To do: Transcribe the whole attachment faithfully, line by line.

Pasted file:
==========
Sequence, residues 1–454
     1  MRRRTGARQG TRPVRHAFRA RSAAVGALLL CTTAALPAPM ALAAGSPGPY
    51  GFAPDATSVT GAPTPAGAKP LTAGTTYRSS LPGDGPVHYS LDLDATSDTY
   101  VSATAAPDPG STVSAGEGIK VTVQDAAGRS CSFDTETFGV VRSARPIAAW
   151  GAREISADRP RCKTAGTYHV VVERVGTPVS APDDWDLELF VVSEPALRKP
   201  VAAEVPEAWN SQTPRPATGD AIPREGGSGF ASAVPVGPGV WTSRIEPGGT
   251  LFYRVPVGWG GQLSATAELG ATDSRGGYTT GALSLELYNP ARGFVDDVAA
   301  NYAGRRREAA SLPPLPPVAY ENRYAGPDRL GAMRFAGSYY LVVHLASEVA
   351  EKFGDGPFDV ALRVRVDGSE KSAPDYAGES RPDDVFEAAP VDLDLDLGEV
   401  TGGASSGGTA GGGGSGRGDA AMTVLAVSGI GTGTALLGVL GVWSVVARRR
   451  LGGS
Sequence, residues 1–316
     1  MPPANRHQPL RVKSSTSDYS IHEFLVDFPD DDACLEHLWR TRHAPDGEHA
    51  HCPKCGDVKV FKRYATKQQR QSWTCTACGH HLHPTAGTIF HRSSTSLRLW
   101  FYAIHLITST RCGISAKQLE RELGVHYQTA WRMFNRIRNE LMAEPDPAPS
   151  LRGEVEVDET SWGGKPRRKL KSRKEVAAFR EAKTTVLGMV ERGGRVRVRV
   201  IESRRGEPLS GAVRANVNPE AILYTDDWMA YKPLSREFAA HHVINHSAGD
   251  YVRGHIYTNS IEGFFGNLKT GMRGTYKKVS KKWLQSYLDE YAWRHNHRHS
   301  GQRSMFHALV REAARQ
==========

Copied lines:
Sequence, residues 1–454
     1  MRRRTGARQG TRPVRHAFRA RSAAVGALLL CTTAALPAPM ALAAGSPGPY
    51  GFAPDATSVT GAPTPAGAKP LTAGTTYRSS LPGDGPVHYS LDLDATSDTY
   101  VSATAAPDPG STVSAGEGIK VTVQDAAGRS CSFDTETFGV VRSARPIAAW
   151  GAREISADRP RCKTAGTYHV VVERVGTPVS APDDWDLELF VVSEPALRKP
   201  VAAEVPEAWN SQTPRPATGD AIPREGGSGF ASAVPVGPGV WTSRIEPGGT
   251  LFYRVPVGWG GQLSATAELG ATDSRGGYTT GALSLELYNP ARGFVDDVAA
   301  NYAGRRREAA SLPPLPPVAY ENRYAGPDRL GAMRFAGSYY LVVHLASEVA
   351  EKFGDGPFDV ALRVRVDGSE KSAPDYAGES RPDDVFEAAP VDLDLDLGEV
   401  TGGASSGGTA GGGGSGRGDA AMTVLAVSGI GTGTALLGVL GVWSVVARRR
   451  LGGS
Sequence, residues 1–316
     1  MPPANRHQPL RVKSSTSDYS IHEFLVDFPD DDACLEHLWR TRHAPDGEHA
    51  HCPKCGDVKV FKRYATKQQR QSWTCTACGH HLHPTAGTIF HRSSTSLRLW
   101  FYAIHLITST RCGISAKQLE RELGVHYQTA WRMFNRIRNE LMAEPDPAPS
   151  LRGEVEVDET SWGGKPRRKL KSRKEVAAFR EAKTTVLGMV ERGGRVRVRV
   201  IESRRGEPLS GAVRANVNPE AILYTDDWMA YKPLSREFAA HHVINHSAGD
   251  YVRGHIYTNS IEGFFGNLKT GMRGTYKKVS KKWLQSYLDE YAWRHNHRHS
   301  GQRSMFHALV REAARQ